Sometimes, interviewees may not even realize that their answers are incorrect or misleading due to false memories.

Archive research

Many areas of psychology research benefit from analyzing research conducted long ago by other researchers, as well as reviewing historical records and case studies.

For example, in an experiment called “Irritable Heart,” researchers used digital records containing information about American Civil War veterans to learn more about post-traumatic stress disorder (PTSD).

Using records, databases, and libraries that are publicly accessible or through their institutions can help researchers who may not have a lot of funds to support their research.

Through academic institutions, museums, and data repositories around the world, researchers at all levels have access to free and low-cost resources.

Another potential benefit is that these sources often provide large amounts of data collected over a long period of time, which can provide researchers with a way to view trends, relationships, and results related to their research.

Although the inability to change variables may be a disadvantage of some methods, it may be a benefit of archival research. In other words, there are challenges in using historical records or information collected a long time ago. On the one hand, important information may be missing or incomplete, and some aspects of old research may not be useful to researchers in a modern context.

One of the main issues in archive research is reliability. When reviewing old research, there may be little information about who conducted the research, how to design the research, who participated in the research, and how to collect and interpret the data.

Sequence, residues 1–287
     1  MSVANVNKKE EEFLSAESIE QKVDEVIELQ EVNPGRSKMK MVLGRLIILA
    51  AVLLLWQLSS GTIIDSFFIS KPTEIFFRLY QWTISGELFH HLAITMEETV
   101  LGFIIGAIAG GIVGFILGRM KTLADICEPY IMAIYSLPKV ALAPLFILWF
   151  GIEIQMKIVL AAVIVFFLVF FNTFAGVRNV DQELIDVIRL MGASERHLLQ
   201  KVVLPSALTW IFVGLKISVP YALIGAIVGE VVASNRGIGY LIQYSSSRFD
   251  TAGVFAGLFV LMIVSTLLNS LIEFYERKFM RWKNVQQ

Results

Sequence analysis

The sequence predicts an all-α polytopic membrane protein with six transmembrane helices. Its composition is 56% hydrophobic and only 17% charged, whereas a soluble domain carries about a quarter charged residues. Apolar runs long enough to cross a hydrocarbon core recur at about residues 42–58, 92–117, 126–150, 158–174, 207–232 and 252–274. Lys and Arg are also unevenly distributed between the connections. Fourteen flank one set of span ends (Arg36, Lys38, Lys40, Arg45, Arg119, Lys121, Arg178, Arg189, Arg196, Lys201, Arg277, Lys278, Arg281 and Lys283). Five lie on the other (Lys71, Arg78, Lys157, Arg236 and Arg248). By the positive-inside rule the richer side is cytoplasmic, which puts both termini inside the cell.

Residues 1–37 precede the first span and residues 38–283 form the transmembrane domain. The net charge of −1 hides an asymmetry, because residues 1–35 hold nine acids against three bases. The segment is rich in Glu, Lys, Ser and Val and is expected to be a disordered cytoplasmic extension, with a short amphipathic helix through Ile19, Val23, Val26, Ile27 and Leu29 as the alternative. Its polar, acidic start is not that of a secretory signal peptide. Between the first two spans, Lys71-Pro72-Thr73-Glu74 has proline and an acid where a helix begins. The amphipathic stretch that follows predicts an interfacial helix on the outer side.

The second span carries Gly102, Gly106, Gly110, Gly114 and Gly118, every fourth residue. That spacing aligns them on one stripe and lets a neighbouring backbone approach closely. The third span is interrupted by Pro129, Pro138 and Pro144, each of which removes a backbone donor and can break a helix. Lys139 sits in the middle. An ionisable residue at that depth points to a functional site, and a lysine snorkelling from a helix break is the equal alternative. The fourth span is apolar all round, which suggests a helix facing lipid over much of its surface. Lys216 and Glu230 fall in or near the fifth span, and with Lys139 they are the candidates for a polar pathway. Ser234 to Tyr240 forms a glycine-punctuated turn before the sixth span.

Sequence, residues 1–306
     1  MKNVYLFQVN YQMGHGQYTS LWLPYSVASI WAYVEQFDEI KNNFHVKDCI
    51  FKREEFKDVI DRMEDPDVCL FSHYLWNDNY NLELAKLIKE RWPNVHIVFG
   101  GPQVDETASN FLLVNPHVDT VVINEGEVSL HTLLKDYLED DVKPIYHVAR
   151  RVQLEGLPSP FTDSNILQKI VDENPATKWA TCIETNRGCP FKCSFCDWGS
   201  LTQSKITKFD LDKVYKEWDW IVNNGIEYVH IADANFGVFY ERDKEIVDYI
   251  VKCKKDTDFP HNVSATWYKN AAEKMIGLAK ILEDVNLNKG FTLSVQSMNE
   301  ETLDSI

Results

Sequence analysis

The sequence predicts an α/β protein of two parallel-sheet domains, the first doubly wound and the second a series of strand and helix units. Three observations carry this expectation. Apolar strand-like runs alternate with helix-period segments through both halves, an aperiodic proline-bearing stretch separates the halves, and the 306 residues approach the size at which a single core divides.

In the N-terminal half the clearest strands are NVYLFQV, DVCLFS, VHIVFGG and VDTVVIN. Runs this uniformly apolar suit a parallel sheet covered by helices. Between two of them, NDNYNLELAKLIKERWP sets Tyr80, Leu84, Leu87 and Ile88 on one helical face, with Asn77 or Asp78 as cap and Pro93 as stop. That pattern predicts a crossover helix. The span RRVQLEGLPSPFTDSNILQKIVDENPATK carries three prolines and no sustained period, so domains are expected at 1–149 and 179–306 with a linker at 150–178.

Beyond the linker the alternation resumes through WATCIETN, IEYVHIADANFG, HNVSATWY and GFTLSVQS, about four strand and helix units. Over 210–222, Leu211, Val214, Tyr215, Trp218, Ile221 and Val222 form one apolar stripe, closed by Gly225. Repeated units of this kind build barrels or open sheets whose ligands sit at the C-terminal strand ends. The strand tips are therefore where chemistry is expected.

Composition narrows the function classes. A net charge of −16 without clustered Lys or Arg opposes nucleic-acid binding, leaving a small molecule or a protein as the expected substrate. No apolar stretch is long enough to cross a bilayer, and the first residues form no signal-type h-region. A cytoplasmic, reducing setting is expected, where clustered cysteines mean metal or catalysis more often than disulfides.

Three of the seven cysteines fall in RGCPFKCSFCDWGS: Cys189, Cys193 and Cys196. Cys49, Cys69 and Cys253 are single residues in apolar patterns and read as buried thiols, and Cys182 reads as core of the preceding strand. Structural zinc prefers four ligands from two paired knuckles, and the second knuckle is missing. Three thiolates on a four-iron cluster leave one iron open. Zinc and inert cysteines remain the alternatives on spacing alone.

Researchers may also face ethical dilemmas—for example, should modern researchers use unethical or questionable research data?

Limitations of related research

You may have heard the phrase “correlation does not equal causality”. This means that although relevant research can show that there is a relationship between two variables, it cannot prove that one variable changes another.

For example, a researcher may conduct a related study that shows a relationship between academic success and a person’s self-esteem. However, the research does not show that academic success will change a person’s self-esteem.

In order to determine why this relationship exists, researchers need to consider and experiment with other variables, such as the subjects’ social relationships, cognitive abilities, personality, and socioeconomic status.